The Financial Times (subscription) reports that Sajid Javid said on Sunday that a distinction should be drawn between "vitally important" government efforts to cut the deficit and "investing for the future" in infrastructure. "So for example," he added, "you borrow more to invest in the infrastructure that leads to more housing — take advantage of some of the record low interest rates that we have. I think we should absolutely be considering that."
Writing in the Guardian, Tory activist Tim Montgomery says that if chancellor Philip Hammond "doesn’t embrace the Javid prescription in his Budget, there will be no time for the fruits of investments to be appreciated by voters by the time of the next election". Montgomery write that if Hammond "won’t borrow to build for the future and to lubricate reforms such as universal credit", Prime Minister Theresa May "needs to find a chancellor who will".
Guardian columnist John Harris says that technological advance is putting the "utopian dream" of dwindling car ownership "within reach". He writes: "With the requisite political will, dwindling numbers of cars will bring opportunities to radically redesign urban areas. The environmental benefits will be self-evident. And as cities become more and more car-free, towns will cry out for their own changes."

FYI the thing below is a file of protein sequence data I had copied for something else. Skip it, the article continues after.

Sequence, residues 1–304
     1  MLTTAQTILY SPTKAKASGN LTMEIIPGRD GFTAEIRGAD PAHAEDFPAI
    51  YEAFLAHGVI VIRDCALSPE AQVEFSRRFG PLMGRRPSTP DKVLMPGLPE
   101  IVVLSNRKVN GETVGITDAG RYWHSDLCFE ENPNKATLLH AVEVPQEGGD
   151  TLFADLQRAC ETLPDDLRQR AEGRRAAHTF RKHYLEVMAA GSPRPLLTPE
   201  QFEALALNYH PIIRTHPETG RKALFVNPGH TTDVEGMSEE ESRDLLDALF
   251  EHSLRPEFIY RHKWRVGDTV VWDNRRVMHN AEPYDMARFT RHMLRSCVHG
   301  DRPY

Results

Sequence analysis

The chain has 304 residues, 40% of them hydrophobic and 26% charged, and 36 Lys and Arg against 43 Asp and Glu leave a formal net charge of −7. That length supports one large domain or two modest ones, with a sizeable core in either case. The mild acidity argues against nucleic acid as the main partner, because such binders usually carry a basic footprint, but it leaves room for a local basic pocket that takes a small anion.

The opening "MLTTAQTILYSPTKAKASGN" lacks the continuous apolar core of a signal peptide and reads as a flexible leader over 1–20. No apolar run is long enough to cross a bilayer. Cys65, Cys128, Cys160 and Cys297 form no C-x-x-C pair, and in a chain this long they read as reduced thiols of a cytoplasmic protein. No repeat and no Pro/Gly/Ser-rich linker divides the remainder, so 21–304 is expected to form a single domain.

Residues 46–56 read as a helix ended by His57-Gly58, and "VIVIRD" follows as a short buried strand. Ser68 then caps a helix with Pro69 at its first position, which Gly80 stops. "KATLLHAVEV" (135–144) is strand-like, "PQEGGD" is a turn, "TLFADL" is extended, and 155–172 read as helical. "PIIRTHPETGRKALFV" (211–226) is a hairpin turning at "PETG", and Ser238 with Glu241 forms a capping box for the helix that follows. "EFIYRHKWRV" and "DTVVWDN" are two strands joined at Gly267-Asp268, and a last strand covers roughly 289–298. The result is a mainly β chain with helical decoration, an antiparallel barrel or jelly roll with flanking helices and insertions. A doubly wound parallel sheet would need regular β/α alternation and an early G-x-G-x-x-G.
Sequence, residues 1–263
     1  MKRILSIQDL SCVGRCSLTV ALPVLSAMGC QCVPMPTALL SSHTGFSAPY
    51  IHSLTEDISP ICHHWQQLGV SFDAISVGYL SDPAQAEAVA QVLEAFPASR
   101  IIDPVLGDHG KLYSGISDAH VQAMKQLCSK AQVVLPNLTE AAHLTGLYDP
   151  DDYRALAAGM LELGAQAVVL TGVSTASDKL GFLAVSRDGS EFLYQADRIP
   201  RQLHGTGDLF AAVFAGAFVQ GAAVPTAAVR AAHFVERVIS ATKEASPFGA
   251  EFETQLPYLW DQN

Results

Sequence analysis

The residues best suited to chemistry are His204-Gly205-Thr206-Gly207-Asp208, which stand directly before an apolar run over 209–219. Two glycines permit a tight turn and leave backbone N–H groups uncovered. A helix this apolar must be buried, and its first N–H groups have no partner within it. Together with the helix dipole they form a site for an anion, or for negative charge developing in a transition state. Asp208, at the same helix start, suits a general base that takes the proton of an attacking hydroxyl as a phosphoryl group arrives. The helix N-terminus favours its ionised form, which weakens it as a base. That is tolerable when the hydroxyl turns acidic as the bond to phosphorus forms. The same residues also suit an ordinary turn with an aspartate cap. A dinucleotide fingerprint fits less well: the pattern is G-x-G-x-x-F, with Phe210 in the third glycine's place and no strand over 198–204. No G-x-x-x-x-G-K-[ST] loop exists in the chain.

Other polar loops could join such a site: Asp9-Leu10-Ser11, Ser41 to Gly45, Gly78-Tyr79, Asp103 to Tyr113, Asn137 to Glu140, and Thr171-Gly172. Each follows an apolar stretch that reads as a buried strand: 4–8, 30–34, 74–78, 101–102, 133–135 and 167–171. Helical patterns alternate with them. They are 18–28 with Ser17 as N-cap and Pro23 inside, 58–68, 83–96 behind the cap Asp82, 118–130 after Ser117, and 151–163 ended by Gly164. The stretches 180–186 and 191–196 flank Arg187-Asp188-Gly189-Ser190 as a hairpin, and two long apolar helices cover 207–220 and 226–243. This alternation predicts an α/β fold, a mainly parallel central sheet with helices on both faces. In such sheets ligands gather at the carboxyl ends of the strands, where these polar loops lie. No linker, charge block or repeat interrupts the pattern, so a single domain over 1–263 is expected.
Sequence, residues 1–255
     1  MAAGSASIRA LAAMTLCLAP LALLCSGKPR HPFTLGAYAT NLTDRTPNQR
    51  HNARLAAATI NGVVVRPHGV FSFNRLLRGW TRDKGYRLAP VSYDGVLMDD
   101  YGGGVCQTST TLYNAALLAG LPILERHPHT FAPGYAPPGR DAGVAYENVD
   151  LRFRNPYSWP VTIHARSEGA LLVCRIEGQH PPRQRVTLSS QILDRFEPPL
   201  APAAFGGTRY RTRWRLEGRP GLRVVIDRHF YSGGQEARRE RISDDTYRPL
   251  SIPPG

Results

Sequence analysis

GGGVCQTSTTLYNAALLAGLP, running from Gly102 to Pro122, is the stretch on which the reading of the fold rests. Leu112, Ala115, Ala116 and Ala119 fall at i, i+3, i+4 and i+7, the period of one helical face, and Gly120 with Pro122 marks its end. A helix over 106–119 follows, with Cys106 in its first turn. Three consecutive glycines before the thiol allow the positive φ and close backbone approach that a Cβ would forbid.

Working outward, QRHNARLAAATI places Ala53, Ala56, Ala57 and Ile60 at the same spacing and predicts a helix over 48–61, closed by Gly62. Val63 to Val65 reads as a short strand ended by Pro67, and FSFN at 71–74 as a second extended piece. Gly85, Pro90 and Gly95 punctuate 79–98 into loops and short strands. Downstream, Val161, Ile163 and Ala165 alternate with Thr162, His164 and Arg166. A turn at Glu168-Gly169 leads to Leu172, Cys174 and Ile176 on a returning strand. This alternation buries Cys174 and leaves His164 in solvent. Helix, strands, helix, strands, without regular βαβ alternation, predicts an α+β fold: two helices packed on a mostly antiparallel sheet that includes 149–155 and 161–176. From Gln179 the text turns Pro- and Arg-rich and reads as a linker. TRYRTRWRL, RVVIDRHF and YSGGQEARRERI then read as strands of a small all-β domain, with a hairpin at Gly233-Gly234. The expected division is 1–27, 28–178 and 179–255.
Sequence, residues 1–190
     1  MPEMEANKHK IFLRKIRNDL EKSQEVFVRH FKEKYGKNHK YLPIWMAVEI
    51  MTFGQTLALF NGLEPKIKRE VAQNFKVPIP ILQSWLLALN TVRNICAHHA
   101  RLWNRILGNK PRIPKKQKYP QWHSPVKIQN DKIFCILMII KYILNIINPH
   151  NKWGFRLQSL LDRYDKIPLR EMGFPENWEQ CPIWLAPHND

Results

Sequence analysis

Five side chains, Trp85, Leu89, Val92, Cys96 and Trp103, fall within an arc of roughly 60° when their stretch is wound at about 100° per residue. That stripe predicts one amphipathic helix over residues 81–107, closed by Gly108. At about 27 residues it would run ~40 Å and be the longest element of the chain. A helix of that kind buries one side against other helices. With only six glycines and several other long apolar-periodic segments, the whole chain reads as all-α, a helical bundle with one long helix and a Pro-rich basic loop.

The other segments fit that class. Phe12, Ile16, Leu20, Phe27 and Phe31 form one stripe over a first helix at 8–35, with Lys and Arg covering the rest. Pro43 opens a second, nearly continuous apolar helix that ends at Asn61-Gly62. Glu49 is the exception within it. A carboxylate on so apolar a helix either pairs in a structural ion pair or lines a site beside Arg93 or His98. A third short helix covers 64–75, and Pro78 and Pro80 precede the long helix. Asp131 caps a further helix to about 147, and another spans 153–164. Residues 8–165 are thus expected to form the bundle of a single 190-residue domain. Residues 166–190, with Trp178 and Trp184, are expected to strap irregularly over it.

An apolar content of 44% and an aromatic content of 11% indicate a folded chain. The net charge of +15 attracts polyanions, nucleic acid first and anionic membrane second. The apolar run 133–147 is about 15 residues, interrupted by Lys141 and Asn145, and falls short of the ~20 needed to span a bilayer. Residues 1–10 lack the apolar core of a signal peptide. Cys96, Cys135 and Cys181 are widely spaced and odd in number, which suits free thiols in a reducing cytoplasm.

The Guardian reports that roads minister Jesse Norman has said that the government could "potentially consider providing subsidies for electric bicycles and electric cars as part of a concerted policy effort to get more people cycling". The paper says that "with the UK facing health crises from pollution and inactive living, other plans could include using electric cargo bikes to deliver packages from internet retailers rather than vans".